This was a good read and described how Lehman Brothers, an investment bank that has been around for over 150 years, collapsed and declared bankruptcy. It was mostly due to the two men at the top who stopped leading and did what they wanted to do, disregarding good lending practices and earning easy money. They took these bad practices to the extreme. It was quite similar to what happened at Enron and was totally avoidable, but due to the pride of the leader at the top, the company collapsed and ...more
May 14, 2015 Fabián rated it it was ok
Ok, until the last chapter I would have said that I did not like the tone of the book, full of arrogance, despise for enemies and brownnosing to friends, but then I read that this was not really the work of the trader, but of Patrick Robinson, ghost writer (and best seller writer) for him.

About the content: It could be much much shorter. No need to repeat everything thrice. No need to repeat in every chapter how awful the CEO and President of Lehman Brothers, and how correct but helpless McDonal
Dec 04, 2014 Cara rated it it was ok
Everyone on Wall Street, including the author of this book, is a huge asshole.
Oct 10, 2009 Sylvia rated it it was amazing
Wow. A real-life techno-thriller, made even more horrifically fascinating because we all lived through these bewildering events. McDonald uses plain English to describe the murky financial instruments upon which the world's biggest economic bubble was based, and offers clear answers to the question "What the hell went wrong?" Required reading for anyone who owns stocks or bonds.
Nov 20, 2009 Susanita rated it it was amazing
Excellent description of the market and what caused the collapse of 2008. I know more about securitizations and credit default swaps than ever before. The author is also a very good storyteller. It's easy to read and entertaining. Highly recommend.
Aug 03, 2010 Leigh rated it really liked it
An excellent audiobook which can be quite suspenseful even tho you know the ending in advance.
I liked this best of the 3 I've read so far about the Financial Crisis that came to a head in 2008. Others are House of Cards and Too Big to Fail. I may have liked this best due to its being written by someone who is neither super high up in the company, nor a professional writer. Rather Lawrence G. McDonald was a trader and thus a true insider at Lehman. Has some wonderful human interest stories about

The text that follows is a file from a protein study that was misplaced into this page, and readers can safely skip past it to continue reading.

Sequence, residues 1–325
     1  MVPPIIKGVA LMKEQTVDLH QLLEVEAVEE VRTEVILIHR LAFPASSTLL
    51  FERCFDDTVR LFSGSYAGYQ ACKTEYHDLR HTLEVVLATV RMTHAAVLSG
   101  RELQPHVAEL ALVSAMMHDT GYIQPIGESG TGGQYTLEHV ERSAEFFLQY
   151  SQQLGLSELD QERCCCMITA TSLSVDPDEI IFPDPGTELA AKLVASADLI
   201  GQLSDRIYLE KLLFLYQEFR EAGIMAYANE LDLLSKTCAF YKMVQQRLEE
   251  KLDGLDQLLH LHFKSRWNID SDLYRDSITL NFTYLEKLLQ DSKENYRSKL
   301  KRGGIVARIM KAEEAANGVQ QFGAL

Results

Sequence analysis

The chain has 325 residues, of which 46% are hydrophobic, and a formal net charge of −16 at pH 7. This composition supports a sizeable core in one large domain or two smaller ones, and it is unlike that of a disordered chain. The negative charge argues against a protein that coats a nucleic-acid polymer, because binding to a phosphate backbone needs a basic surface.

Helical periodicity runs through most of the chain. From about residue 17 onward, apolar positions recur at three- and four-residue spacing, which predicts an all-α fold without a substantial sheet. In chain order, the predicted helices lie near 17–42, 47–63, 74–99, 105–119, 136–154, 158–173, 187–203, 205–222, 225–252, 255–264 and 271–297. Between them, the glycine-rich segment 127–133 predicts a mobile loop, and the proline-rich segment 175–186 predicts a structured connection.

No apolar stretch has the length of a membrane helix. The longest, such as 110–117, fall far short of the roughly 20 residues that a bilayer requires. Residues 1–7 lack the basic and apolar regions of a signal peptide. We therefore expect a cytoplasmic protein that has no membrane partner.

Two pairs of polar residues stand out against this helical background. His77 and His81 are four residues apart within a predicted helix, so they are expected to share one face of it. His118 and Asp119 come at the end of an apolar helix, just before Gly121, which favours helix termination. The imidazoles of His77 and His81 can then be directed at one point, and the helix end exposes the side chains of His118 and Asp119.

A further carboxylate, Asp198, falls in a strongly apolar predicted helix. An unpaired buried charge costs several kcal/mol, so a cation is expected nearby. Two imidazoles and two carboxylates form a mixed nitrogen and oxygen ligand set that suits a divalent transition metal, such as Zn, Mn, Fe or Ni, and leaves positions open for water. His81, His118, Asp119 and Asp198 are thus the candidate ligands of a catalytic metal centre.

Apr 03, 2011 Brian rated it liked it
A fascinating book when understood from the perspective of the author, an upper-level manager at Lehman Brothers. McDonald opens the book by blaming HUD under Clinton for forcing banks to lend to middle- and lower-income families to increase home ownership. His tirades wrap up the book by blaming the Fed and Treasury under Bush for not taking additional actions to save Lehman Brothers. However, the other 80% of the book sings the praises of investment bankers, the brilliance endowed within, the ...more
Jul 05, 2011 Victor rated it it was amazing
Fascinating book. If I have one complaint, it is McDonald's ideological axe with (to paraphrase) $400,000/year Kmart cashiers, i.e., lower-middle and working-class mortgage borrowers. Statistics show that many of these people made payments faithfully as long as they could, only faltering when mortgage resets forced their backs to the wall. Those of us who are more reasonable and less elitist place blame on people who were flipping houses, or buying strings of properties as 'investments'. And let ...more
Sheppard  Hobgood
Apr 15, 2010 Sheppard Hobgood rated it liked it
Nice easy business reading, if there is such an activity. This is a repeat of the never ending human "sheep" story. One particularly dominant sheep, Richard Fuld of Lehman Bros., leads all of the other banker sheep to the edge of the cliff while happily bleating until the very moment it's too late to turn back. It happened with Hitler and probably Atilla the Hunn. Should it be any less surprising with the banking industry? Glass Steagall should never have been repealed. My hero, Bill Clinton, bl ...more
Sep 18, 2009 Darren rated it really liked it
Shelves: non-fiction, audio
McDonald tells the story of his fight to achieve his goal of becoming a Wall Street Trader and describes the industry trends and legislative changes that would set the stage for the largest ever bankruptcy in the U.S. A self-described vulture, McDonald and his coworkers made billions of dollars (for Lehman, millions for themselves) by predicting when companies would fail (or at least tank). From this viewpoint, they could see the huge problems with issuing/trading subprime mortgages earlier than ...more
Dave Knepper
Aug 07, 2011 Dave Knepper rated it it was amazing
Shelves: ebook
This book was riveting all the way through. I randomly started reading this book and couldn't put it down. I'm a pastor, and in general read mostly pastoral and ministry related books, but I do enjoy reading outside the field too. I'm not really a financial guy and yet this book brought me right in to the story of Wall Street. I think that's where it shines. Colossal Failure tells a story. A story about a driven man (McDonald) and his passion for the world of Wall Street. Along the way he chroni ...more
Jay Connor
Aug 31, 2009 Jay Connor rated it really liked it